Observatory for the Protection of Human Rights Defenders Annual Report 2005 - Niger
|Publisher||International Federation for Human Rights|
|Publication Date||22 March 2006|
|Cite as||International Federation for Human Rights, Observatory for the Protection of Human Rights Defenders Annual Report 2005 - Niger, 22 March 2006, available at: http://www.refworld.org/docid/48747caf12.html [accessed 25 October 2014]|
|Disclaimer||This is not a UNHCR publication. UNHCR is not responsible for, nor does it necessarily endorse, its content. Any views expressed are solely those of the author or publisher and do not necessarily reflect those of UNHCR, the United Nations or its Member States.|
Retaliation against defenders of social and economic rights
Arbitrary arrest and judicial proceedings against five activists62
On 15 March 2005, Mr. Nouhou Mahamadou Arzika, president of the National organisation for Consumers' Defence (Organisation nationale de défense des consommateurs) and head of the Niger Quality-Equity Coalition Against High Cost of Living (Coalition Qualité-Equité contre la vie chère au Niger), was arrested after having participated in a demonstration organised by the Coalition earlier that day. The demonstrators notably petitioned for the Law amending the October 2004 Budget Act for 2005 fiscal year, adopted on 4 January 2005, to be repealed. This law notably introduced a 19% value added tax (VAT) on staple convenience good in a general context of poverty increase in Niger.
Mr. Arzika, who was detained along with 46 other demonstrators at the Niamey central police station, was finally released on 19 March 2005.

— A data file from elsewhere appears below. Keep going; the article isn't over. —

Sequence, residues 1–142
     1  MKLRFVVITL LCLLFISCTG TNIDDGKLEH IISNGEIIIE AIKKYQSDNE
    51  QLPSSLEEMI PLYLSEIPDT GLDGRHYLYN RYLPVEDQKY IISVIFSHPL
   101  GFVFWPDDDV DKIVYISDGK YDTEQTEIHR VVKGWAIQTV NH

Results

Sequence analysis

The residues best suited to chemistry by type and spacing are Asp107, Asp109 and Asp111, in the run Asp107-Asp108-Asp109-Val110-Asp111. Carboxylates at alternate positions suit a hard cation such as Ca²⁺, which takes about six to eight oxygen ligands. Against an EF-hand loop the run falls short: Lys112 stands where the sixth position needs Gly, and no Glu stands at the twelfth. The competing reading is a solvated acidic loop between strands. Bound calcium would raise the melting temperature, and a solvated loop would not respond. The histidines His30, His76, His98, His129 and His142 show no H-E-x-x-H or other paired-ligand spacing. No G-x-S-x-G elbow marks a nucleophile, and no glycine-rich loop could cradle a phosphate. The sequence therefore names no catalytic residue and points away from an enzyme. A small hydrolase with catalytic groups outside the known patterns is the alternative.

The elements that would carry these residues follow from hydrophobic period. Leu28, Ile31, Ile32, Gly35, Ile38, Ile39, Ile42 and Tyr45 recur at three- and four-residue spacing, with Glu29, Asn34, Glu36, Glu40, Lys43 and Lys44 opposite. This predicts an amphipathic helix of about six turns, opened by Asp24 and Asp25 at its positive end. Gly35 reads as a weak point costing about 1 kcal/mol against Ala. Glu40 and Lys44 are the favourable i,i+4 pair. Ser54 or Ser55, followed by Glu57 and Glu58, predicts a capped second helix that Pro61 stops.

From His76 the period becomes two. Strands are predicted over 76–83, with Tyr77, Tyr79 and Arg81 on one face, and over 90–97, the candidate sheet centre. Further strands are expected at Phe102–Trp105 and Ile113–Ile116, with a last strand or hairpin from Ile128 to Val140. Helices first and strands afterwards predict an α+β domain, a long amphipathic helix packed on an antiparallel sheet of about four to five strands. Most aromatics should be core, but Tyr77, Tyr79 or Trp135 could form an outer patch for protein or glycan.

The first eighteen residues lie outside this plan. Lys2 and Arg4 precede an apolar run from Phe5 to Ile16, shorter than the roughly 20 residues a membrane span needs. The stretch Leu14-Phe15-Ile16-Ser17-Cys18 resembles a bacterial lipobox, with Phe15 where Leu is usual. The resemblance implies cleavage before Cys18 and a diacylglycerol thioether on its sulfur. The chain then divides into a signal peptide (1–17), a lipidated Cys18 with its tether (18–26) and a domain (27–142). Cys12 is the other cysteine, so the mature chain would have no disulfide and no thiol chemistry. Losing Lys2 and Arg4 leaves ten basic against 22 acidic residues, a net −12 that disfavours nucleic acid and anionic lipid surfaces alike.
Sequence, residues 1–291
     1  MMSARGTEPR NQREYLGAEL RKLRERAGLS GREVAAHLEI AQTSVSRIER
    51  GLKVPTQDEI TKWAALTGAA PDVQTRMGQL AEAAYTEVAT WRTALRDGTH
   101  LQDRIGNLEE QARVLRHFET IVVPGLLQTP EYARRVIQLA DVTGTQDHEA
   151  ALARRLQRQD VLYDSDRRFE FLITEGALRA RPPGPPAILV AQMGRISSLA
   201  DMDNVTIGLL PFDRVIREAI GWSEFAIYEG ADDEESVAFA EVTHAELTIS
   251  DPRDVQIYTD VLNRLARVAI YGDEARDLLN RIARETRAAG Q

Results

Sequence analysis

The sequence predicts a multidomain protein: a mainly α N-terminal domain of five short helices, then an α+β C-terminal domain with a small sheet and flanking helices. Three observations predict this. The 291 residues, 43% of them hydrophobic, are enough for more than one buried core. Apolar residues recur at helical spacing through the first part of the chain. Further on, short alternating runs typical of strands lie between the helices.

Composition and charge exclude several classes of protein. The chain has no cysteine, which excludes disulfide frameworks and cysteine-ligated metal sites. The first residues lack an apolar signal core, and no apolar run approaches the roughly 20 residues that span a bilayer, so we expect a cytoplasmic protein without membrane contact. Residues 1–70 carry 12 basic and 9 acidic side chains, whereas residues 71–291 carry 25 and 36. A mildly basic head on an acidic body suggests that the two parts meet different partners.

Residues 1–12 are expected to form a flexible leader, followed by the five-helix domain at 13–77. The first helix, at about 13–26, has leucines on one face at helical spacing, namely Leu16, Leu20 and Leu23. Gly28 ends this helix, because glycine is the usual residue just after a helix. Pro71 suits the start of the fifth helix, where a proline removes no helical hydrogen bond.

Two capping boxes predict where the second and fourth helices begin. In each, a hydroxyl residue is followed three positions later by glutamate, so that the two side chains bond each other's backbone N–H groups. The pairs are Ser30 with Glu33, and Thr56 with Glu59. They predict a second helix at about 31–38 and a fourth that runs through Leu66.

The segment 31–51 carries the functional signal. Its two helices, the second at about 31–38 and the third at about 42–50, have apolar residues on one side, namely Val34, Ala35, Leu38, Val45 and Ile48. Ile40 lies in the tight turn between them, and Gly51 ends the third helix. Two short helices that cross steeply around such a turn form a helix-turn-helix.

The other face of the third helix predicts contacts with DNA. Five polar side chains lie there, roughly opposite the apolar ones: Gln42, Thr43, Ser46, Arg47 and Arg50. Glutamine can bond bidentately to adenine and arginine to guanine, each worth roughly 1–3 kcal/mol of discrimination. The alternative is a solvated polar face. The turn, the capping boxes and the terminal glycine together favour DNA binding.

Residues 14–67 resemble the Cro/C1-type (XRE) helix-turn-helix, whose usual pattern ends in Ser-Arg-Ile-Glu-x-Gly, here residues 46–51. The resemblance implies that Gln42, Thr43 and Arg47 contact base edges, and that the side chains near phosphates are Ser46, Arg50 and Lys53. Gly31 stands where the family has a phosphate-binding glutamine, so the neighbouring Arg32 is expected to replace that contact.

The Nigerian authorities further banned another demonstration scheduled for 22 March 2005 on the occasion of the World Water Day. When notified of this decision, the Coalition called on the population to observe a general strike action throughout the country. This general strike, the announcement of which was extensively relayed by national press and media, was widely followed and most shops remained shut down that day, as well as all services stopped. Several persons were arrested, in particular in Maradi, Tahoua and Agadez. On 24 March 2005, the Coalition, still forbidden to demonstrate, called the population to prayer as a new peaceful protest against the aforementioned law. Following those calls, Alternative FM radio station received a legal warning for "disseminating statements aimed at stirring up social unrest, in particular calls to collective prayers to overthrow the government". On 29 March 2005, police officers illegally closed down the radio station, which could resume its activities on 5 April 2005 on the order of the court ruling.